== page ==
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Two simple questions for those who want to get better



How do I get better?

The time is NOW for all wrestlers to make a plan on how to get better for next season. How do I get better? I get asked this all the time from wrestlers. As I think about how I improved so quickly in wrestling, only starting as a 9th grader at Chardon High School and later winning two Ohio State titles in my junior and senior years, including two undefeated seasons, it’s very clear to me how I did it. I CORRECTLY answered the two questions in this article. These two simple questions must be answered correctly before the highest levels of success can be reached IN ANYTHING.

Question #1: Who do you listen to?

There is a lot of information out there from many people, and it can be confusing to determine who you should listen to because of the abundance of advice and information. There are a lot of people who can help you out there, but what you’re looking for is someone that already has what you want. Make sure they have already gone through the process of achieving the level of success that you want. Make sure they have already demonstrated they can achieve the level of success you want. Listen to the coach that has coached State, National & Olympic Champions. This doesn’t mean that a coach that hasn’t coached a champion at any of these levels can’t help you, because I was Richard Depenbrok’s (my high school coach), first state champion and he skillfully and masterfully shaped and coached me to my to two state titles. His coaching created the foundation of all of my future success.

The reason my high school coach, Richard Depenbrok, was still a great man to listen to was because he was highly motivated to learn everything he could to enhance his coaching skills and insight. For example, after my sophomore year, he personally drove me, and a few other dedicated Chardon wrestlers, to a summer wrestling camp in the summer of 1972 where he and I personally met Dan Gable (’72 Munich Gold), Ben Peterson (’72 Munich Gold) and John Peterson (’72 Munich Silver), as they were training for the ’72 Munich Olympic Games. Some of the best college coaches in the nation were there for my coach to learn from (i.e., Harold Nichols and Les Anderson, Head Coach and Assistant Coach at Iowa State). Other successful college and high school coaches were also in attendance. I went to that camp finishing a 11-8-3 sophomore season and not qualifying for the state tournament to going the next two years undefeated and winning two Ohio state titles.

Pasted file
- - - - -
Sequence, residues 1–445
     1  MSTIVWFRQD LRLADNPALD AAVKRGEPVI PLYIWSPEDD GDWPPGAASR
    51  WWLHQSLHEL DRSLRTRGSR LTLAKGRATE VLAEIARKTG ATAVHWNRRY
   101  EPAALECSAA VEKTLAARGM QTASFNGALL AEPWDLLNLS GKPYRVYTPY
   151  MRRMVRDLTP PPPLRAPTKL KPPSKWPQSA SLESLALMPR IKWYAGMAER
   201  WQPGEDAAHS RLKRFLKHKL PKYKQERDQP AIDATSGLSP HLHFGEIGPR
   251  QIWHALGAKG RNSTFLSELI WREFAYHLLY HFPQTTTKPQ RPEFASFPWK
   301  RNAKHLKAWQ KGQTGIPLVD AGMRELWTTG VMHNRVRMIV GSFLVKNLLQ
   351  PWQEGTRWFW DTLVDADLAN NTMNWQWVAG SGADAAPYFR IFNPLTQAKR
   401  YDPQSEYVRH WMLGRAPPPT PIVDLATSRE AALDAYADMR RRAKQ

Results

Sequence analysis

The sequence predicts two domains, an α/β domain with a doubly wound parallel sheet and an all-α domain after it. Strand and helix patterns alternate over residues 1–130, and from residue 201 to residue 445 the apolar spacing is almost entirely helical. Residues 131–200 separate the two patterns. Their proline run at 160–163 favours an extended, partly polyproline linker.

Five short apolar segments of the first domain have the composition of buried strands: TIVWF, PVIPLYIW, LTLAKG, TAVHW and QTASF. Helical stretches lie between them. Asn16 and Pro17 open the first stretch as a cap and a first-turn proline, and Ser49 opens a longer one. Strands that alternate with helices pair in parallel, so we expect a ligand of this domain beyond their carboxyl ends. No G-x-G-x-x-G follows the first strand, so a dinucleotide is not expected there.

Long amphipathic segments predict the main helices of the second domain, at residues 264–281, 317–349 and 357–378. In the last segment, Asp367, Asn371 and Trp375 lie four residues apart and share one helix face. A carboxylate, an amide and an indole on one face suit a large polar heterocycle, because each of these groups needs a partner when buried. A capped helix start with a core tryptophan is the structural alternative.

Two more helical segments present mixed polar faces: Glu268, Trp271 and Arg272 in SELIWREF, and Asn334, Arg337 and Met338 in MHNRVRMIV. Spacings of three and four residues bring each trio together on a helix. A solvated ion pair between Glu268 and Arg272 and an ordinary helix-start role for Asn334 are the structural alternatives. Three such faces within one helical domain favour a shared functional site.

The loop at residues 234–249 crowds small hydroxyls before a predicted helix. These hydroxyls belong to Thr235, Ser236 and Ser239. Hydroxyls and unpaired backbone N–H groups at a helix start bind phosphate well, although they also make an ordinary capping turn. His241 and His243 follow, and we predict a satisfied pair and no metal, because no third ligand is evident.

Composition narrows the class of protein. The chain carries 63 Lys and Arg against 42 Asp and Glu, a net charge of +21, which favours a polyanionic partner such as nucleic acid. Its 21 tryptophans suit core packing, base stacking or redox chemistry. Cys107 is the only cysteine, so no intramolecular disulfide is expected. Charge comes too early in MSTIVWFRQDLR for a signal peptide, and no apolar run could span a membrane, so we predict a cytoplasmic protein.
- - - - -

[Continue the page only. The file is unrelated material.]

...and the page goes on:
Was it coincidence? or was it responding correctly to these two questions? I personally know coaches that were so motivated to coach our United States Olympic athletes, that they took assistant coaching jobs at colleges that had Olympic level athletes training there, to gain experience and insight into coaching that caliber of athlete (and also gaining insight from the other coaches there). This led to many of these coaches successfully coaching U.S. Olympians to the Olympic podium. If your goal is to be an Olympic athlete, find one of these coaches and start training with these athletes.

Question #2: How willing are you to change?

Once you’re listening and taking in the CORRECT information, how willing are you to accept, adopt and use the new information to actually stop the old ways and change to the new ways?

Before you can change you must be teachable. How do you respond to someone giving you new and different information? You may want to change, but if you’re not “teachable,” or more simply, haven’t learned the skill of listening with an open mind and coming to the new teacher with complete trust willing to do what he/she says, then the desired change won’t happen. A teacher could be another athlete training for the same thing you are or a coach. What’s your “Teachability Index”? IT MUST BE AT 100 percent. You can’t pick and choose what you are going to learn. I’ve coached people unwilling to learn and they think there’re doing well learning from me, but as a teacher and coach I can see the flaws and weaknesses, and ultimately so can the competition.

Summary

I know this sounds too simple but as a coach I’ve watched many athletes fall short of their goals because of answering these two questions incorrectly.

So, again: Who are you listening to and are you willing to learn from them?
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